In the last three weeks, I have attended three different option conventions back to back meeting 100s of option sellers. I was astonished with the number of option sellers and the kind of money people manage with option selling systems. Whoever I met, they are into option selling. And most of them started in the last two years. I was like
It’s really huge, on one hand, I was really happy for people who are able to manage 100s of crores and also able to make consistent returns. But on the other hand, it made me really anxious. What happens if something goes wrong, will it create systematic risk, any chance of black swan event that could wipe us out? I started researching more on this topic once I came to my place.
Is the option selling crowd really increasing or is it happening only with a few sets of traders? Just because I met a few people over option convention who do option selling, I cannot conclude that everybody is into option trading. So I tracked the NSE data to figure out the number of contracts traded in the last 10+ years with Index futures, Stock futures and Index options.
Here’s the chart of no of contracts traded with Index futures, it has been steadily declining.
With stock futures, the number of contracts traded has been stagnant, neither an increase in contracts traded nor any decrease witnessed.
But look at the no of contracts traded with Index options, from 2010 to 2022, the no of contracts traded has increased more than 11776%, almost 118 times increase. That’s so huge.
Weekly options with Bank Nifty were introduced by June 2016 and Nifty weekly options were introduced from Feb 2019. Since then option volumes have skyrocketed.
Look at the year on year option volume growth, last two years it’s growing at a record speed of more than 100%. Only during 2016–17 we saw a dip in option trading volume, might be due to demonitization.
When I googled further, I realized not only India, even in the US market people who trade with options have increased a lot. In fact, there is a concentrated option selling happening on expiry days which lead to many vol spike and gamma moves on expiry days.
Record numbers of so-called zero-day options that track the S&P 500 stock index are changing hands — with volumes of about 1.5mn a day in November — more than double the levels in January and almost four times those at the start of 2020, according to OptionMetrics.
The number of reversals has gone up significantly in recent years. During our recent Goa meet up event, we traders were discussing market movement and Madan asked us “When was the last time the market made a greater than 1.5% intraday move?” We almost forgot when it happened, a big trending intraday move usually occurs frequently every month, but now such a significant move has gone down. Intraday trend followers must have suffered and would have not made good returns in recent years due to the rise in option sellers who arrested such big trending moves.
The following was extracted from a news article from bloomberg which exactly replicated whats running in my mind.
Take last Friday, when the S&P 500 jumped more than 2% to close above 3,900. Calls expiring that day with a strike at 3,850 surged to $45.80 from $2.90 — a stunning gain of 1,479%. On the other hand, puts maturing the next session with an exercise price of 3,750 tumbled 97% to 65 cents, after more than doubling to $24.27 during the previous day.
The explosion in short-dated contacts is concerning to Brent Kochuba, founder of SpotGamma. The flow, he says, can inflict large volatility on markets as it forces market makers to actively hedge these positions.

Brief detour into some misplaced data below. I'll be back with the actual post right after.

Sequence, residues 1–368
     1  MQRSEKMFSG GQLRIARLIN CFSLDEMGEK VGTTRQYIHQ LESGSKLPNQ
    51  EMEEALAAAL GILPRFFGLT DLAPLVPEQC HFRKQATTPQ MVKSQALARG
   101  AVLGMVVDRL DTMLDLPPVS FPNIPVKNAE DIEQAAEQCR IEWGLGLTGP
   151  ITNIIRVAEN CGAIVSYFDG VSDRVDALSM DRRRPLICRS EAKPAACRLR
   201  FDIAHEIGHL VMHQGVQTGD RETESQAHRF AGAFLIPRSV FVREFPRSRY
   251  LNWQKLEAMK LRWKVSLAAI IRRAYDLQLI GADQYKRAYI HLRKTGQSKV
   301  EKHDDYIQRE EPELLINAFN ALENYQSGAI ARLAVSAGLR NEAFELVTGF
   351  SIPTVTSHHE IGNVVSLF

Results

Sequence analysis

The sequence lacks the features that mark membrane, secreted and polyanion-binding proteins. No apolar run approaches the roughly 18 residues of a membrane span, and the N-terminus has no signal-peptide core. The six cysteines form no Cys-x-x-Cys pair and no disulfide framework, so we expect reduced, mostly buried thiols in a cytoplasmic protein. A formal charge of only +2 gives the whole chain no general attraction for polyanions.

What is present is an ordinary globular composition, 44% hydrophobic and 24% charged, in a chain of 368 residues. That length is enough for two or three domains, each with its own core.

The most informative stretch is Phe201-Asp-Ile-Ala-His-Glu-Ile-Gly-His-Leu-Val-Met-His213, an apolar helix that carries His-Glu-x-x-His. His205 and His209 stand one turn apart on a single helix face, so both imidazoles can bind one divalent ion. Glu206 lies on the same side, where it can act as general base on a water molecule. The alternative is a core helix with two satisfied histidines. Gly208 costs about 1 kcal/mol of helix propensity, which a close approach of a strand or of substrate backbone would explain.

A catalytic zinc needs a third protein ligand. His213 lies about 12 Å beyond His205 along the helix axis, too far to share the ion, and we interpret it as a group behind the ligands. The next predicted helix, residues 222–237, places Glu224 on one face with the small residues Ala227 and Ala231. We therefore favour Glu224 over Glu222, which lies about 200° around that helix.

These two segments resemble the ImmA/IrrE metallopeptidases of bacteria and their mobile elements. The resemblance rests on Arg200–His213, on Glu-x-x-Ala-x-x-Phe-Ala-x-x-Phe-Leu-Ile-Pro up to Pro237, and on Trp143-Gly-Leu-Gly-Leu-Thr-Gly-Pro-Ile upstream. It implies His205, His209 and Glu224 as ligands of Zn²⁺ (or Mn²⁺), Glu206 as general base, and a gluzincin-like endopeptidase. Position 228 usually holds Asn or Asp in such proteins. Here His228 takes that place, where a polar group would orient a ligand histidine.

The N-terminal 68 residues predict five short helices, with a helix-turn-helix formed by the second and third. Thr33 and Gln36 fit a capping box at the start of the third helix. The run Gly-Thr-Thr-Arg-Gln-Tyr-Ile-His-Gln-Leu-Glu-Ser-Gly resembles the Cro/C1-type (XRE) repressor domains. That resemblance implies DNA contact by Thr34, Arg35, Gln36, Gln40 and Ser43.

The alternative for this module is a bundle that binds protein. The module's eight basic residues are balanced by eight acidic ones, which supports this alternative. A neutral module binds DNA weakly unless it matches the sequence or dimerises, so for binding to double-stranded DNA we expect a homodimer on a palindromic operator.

“This is a recipe for things to break and it elevates risk,”he said. “The risk, we feel, is that of a major headline or other data point that either catches this short-dated volume offsides, and/or triggers an overwhelming flood of directional volume.”
My biggest worry factor is related to the Indian market. Even though we could see many US traders are also worried about the rise of option sellers, I found the below data from the NSE site. Which shows how many no of Index option contracts are traded across the world. Do you know where we stand? At No 1. Yes, NSE is the largest derivatives exchange in the world. We are the largest, look at the difference between the number one player and number two player.
From 738 Million contracts traded in 2021, it has increased to 4375 Million contracts by Jan — 2023. The second largest exchange Korea and third largest exchange CBOE is nowhere near to India. This shows how concentrated our option selling market is.
If you are an option seller, imagine what are the worst case scenarios and plan your risk management accordingly. What if in case the world’s largest exchange NSE itself goes down? Not just the broker, what if the whole exchange goes down? In fact, it has happened in the past. Feb 2021, NSE went down.
Back in 2017, a major technical glitch had hit the bourse, forcing trading halt across segments for hours. That incident, too, had resulted in similar chaos as was visible on the trading floors on Wednesday.
Imagine such a situation happening on an expiry day, all your pending stop loss kept at the exchange will get cancelled. If the exchange fails to resume trading due to any glitch, what if your intraday positions are carried forward because brokers were unable to Squareoff?
And the next day you are waking up with news that Russia is threatening a nuclear strike, all world markets will open gap down, what would happen to your intraday positions which was not squared off the previous day, it opens with huge loss.
Just because we use SL in the system doesn’t mean we are safe when volatility kicks in. It’s better to have some hedge in the system or add some option buying system that can offset some of your losses from your option selling system.
Risk is what we don’t see. It’s definitely coming, better be prepared.